July 24, 2015
Gawker And The Substance Procedure Gambit
Posted by David Zaring

A bit of a Friday digression, but it involves the oversight of a publisher by corporate types, so perhaps you'll allow it.  

After Gawker published a lurid story about a medium-at-best profile media executive, and received a great deal of criticism for doing so, the publisher decided to take the post down, over strong criticism from the firm's editorial director.  That director, and Gawker's editor in chief then resigned, and their stated reason for doing so was that, regardless of the quality of the original story, removing it over the objections of editorial violated the church-state separation between the business side and the writers.

I would describe this sort of argument as a procedure based argument, and I've always been convinced by Lawrence Tribe's criticism of process based theories.  He was thinking about con law, but the point is familiar to many lawyers; it's impossible to defend a process without adopting underlying substantive values.  Indeed, the very existence of those values makes a defense of process totally epiphenomenal.  So you can't be, like: our constitutional system of separation of powers is fantastic because of the way it separates powers.  What if it does so in ways that facilitate racial discrimination?  Or disenfranchises people?  Or results in Stalinist levels of business regulation?  It's impossible to defend a process without reference to the outcomes that it facilitates.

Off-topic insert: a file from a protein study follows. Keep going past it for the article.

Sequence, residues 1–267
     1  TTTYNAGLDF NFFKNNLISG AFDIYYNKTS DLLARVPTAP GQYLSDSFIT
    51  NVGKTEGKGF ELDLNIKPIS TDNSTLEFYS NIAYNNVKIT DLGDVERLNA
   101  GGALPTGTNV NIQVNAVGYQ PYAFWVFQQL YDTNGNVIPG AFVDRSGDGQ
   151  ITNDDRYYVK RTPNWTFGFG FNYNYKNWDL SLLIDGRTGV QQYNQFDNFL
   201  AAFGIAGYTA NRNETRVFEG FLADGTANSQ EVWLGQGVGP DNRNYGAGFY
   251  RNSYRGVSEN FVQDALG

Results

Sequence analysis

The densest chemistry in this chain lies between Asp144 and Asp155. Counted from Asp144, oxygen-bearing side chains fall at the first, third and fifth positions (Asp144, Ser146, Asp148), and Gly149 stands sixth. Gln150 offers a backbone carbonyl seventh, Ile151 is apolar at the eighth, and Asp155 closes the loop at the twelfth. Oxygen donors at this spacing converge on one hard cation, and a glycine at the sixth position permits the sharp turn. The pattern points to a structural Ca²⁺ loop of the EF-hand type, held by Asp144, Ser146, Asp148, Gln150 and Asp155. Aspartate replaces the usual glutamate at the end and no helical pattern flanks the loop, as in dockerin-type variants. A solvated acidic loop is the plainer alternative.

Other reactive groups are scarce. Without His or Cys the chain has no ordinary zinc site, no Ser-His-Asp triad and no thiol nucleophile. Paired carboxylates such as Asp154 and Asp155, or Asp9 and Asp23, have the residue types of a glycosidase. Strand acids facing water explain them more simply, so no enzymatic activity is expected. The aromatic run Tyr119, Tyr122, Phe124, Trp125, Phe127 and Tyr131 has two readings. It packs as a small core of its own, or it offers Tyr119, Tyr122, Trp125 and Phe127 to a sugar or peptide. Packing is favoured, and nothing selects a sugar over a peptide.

And so that's what I don't quite get about the free speech martyrdoms in the Gawker case.  You don't want to generalize from a sample of one, at least not too much, but in my view saying, as many Gawker editors have, that "this story was a mistake, but being told by management to take it down violates our essential freedoms" is at least somewhat incoherent.  Managerial noninterference is a process, and it's a process only worth having if it produces good outcomes. I'm unconvinced that the story illustrates a good outcome.

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